Advanced

Relationship between commuting and health outcomes in a cross-sectional population survey in southern Sweden

Hansson, Erik LU ; Mattisson, Kristoffer LU ; Björk, Jonas LU ; Östergren, Per-Olof LU and Jakobsson, Kristina LU (2011) In BMC Public Health 11.
Abstract
Background: The need for a mobile workforce inevitably means that the length of the total work day (working and traveling time) will increase, but the health effects of commuting have been surprisingly little studied apart from perceived stress and the benefits of physically active commuting. Methods: We used data from two cross-sectional population-based public health surveys performed in 2004 and 2008 in Scania, Sweden (56% response rate). The final study population was 21, 088 persons aged 18-65, working > 30 h/week. Duration (one-way) and mode of commuting were reported. The outcomes studied were perceived poor sleep quality, everyday stress, low vitality, mental health, self-reported health, and absence from work due to sickness... (More)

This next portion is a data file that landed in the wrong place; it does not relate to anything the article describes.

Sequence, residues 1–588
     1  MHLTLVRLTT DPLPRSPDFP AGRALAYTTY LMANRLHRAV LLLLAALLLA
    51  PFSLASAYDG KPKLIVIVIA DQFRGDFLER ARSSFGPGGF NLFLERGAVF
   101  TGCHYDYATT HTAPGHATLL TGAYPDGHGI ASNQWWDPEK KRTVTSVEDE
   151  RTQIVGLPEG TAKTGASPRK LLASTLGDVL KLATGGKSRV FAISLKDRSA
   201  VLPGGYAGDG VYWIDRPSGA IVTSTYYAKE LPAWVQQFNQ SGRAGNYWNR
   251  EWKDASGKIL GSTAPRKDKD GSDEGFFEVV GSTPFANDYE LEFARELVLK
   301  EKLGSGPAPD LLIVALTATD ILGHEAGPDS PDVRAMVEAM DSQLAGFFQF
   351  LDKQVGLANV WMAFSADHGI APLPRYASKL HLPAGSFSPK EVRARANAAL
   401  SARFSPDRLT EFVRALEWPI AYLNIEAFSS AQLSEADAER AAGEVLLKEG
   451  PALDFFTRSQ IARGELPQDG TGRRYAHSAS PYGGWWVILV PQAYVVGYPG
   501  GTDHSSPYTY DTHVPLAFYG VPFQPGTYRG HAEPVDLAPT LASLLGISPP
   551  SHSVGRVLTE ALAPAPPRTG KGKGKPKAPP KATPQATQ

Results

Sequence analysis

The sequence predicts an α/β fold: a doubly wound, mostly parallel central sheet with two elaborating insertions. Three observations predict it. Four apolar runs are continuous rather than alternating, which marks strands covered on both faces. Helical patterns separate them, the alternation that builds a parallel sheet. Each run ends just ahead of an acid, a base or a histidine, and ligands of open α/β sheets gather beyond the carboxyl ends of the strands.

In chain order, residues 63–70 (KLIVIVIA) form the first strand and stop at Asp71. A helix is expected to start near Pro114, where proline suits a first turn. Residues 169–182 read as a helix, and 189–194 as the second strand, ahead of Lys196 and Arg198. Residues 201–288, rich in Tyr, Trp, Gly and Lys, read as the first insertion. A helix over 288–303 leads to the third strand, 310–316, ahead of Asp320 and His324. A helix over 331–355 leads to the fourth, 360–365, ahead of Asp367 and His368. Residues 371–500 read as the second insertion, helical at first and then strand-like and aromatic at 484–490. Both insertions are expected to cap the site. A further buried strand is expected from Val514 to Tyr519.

Background: The need for a mobile workforce inevitably means that the length of the total work day (working and traveling time) will increase, but the health effects of commuting have been surprisingly little studied apart from perceived stress and the benefits of physically active commuting. Methods: We used data from two cross-sectional population-based public health surveys performed in 2004 and 2008 in Scania, Sweden (56% response rate). The final study population was 21, 088 persons aged 18-65, working > 30 h/week. Duration (one-way) and mode of commuting were reported. The outcomes studied were perceived poor sleep quality, everyday stress, low vitality, mental health, self-reported health, and absence from work due to sickness during the past 12 months. Covariates indicating socioeconomic status and family situation, overtime, job strain and urban/rural residency were included in multivariate analyses. Subjects walking or cycling to work < 30 min were used as a reference category. Results: Monotonous relations were found between duration of public transport commuting and the health outcomes. For the category commuting > 60 min odds ratios (ORs) ranged from 1.2 - 1.6 for the different outcomes. For car commuting, the relationships were concave downward or flat, with increasing subjective health complaints up to 30-60 min (ORs ranging from 1.2 - 1.4), and lower ORs in the > 60 min category. A similar concave downward relationship was observed for sickness absence, regardless of mode of transport. Conclusions: The results of this study are concordant with the few earlier studies in the field, in that associations were found between commutation and negative health outcomes. This further demonstrates the need to consider the negative side-effects of commuting when discussing policies aimed at increasing the mobility of the workforce. Studies identifying population groups with increased susceptibility are warranted. (Less)